Bloomberg Anywhere Remote Login Bloomberg Terminal Demo Request


Connecting decision makers to a dynamic network of information, people and ideas, Bloomberg quickly and accurately delivers business and financial information, news and insight around the world.


Financial Products

Enterprise Products


Customer Support

  • Americas

    +1 212 318 2000

  • Europe, Middle East, & Africa

    +44 20 7330 7500

  • Asia Pacific

    +65 6212 1000


Industry Products

Media Services

Follow Us

Businessweek Archives

Fannie Mae's Line In The Sand

Up Front


FANNIE MAE, AS savvy politically as it is financially, is fighting a Clinton Administration plan to boost low-income mortgage lending. The Federal National Mortgage Assn., a federally chartered private company that buys mortgages from lenders and bundles them into bonds, has called in a cavalcade of big-time pols to help.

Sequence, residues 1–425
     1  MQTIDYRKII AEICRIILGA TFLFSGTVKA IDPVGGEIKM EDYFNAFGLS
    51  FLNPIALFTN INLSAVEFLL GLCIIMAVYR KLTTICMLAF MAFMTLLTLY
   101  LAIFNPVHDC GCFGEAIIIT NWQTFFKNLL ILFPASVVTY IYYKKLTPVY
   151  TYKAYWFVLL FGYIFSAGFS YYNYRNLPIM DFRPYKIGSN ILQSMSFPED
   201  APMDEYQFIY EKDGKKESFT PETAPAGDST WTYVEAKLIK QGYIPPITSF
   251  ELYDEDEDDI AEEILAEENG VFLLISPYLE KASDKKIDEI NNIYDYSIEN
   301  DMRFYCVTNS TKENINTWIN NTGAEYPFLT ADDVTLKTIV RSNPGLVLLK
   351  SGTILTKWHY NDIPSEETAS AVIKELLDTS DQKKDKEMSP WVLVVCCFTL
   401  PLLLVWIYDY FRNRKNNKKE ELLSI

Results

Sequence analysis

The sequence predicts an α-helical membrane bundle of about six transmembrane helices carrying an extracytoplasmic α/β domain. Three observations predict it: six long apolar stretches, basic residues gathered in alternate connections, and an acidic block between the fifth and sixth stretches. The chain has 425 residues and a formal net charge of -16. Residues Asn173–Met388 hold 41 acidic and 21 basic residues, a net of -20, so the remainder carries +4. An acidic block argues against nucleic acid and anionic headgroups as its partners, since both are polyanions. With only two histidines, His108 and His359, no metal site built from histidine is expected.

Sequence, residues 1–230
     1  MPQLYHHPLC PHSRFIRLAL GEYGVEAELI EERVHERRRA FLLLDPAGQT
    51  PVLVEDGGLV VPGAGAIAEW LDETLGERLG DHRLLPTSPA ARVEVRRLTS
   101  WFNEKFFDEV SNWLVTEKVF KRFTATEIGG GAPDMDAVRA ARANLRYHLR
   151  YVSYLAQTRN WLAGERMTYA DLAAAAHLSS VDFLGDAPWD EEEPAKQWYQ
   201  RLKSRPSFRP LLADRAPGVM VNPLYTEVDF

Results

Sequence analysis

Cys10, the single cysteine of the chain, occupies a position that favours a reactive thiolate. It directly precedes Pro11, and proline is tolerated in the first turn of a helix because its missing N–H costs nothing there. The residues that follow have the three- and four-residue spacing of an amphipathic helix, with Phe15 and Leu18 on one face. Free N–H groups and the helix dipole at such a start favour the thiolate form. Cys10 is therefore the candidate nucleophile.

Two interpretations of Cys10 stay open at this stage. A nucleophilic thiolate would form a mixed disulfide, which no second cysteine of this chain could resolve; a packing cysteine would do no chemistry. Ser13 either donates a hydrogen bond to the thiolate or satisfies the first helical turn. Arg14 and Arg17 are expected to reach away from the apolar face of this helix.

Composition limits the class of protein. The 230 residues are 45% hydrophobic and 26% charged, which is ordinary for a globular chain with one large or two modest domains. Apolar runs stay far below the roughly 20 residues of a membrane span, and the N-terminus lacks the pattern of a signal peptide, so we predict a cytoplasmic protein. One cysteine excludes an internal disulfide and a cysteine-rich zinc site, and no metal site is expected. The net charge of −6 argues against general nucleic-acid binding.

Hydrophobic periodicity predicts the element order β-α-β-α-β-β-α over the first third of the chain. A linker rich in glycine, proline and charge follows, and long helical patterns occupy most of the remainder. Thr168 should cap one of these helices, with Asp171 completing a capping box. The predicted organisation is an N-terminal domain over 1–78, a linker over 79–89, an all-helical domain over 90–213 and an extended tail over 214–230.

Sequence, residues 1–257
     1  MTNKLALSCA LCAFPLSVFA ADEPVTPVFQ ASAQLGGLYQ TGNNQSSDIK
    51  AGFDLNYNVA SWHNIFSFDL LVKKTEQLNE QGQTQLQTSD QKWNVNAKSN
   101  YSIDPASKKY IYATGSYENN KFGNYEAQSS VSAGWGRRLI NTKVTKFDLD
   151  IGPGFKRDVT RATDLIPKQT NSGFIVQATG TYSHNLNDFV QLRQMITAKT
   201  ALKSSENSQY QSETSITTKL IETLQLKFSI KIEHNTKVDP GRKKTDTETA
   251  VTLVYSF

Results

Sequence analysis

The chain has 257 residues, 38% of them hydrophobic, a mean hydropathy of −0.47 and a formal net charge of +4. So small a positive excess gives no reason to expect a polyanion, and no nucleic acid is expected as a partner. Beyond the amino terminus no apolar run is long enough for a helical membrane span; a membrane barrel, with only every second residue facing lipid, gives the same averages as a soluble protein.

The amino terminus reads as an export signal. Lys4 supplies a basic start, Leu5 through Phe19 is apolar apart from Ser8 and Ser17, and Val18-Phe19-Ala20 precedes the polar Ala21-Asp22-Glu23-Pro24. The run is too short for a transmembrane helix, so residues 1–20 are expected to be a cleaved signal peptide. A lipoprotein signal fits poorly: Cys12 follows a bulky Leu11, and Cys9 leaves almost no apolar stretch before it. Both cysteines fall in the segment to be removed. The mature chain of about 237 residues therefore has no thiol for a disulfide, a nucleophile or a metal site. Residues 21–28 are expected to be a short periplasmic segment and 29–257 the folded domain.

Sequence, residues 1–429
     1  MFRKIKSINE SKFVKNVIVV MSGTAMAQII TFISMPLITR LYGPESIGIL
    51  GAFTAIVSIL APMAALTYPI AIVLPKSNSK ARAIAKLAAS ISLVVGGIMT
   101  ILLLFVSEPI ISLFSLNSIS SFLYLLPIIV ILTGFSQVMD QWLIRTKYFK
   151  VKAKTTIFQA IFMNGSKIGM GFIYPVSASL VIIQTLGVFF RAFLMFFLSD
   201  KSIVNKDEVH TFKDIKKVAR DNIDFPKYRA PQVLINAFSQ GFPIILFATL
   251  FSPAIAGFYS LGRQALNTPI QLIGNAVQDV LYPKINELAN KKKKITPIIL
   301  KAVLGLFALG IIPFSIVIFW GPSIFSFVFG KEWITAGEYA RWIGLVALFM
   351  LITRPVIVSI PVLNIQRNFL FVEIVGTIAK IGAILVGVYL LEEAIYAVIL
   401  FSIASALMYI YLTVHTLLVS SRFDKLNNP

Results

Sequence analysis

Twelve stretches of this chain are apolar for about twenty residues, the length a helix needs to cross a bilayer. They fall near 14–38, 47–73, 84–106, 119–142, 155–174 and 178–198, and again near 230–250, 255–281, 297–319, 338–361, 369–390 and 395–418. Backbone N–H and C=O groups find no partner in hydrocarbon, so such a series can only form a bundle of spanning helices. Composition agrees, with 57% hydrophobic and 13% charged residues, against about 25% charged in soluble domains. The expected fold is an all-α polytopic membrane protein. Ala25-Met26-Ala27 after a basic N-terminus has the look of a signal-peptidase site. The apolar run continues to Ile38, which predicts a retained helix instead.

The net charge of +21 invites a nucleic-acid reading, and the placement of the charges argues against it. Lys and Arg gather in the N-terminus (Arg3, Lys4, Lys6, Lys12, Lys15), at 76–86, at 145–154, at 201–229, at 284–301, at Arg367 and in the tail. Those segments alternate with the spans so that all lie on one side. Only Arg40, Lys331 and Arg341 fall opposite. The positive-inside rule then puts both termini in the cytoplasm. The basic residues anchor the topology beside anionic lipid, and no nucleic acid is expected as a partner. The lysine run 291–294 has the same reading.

At issue is a program by Fannie to spur lending for affordable housing in urban and rural areas, to low- and moderate-income homebuyers. Fannie chief James Johnson, a former Walter Mondale aide, is upset over pressure from the Housing & Urban Development Dept. to focus on minority and low-income buyers regardless of their location. And HUD has considered making Fannie police bias by lenders, which Johnson sees as unworkable.

Fannie Mae complains that the HUD plan would ignore the urban middle class, potentially prompting their exodus from cities. Johnson has enlisted the mayors of Boston, Chicago, and Oakland as well as Representatives Barney Frank (D-Mass.) and Charles Schumer (D-N.Y.) to lobby against the HUD plan. Their impact has been felt. The word is that HUD thus far has backed off on the idea of Fannie Mae as an antibias enforcer. EDITED BY LARRY LIGHT & JULIE TILSNER By Amy Barrett

blog comments powered by Disqus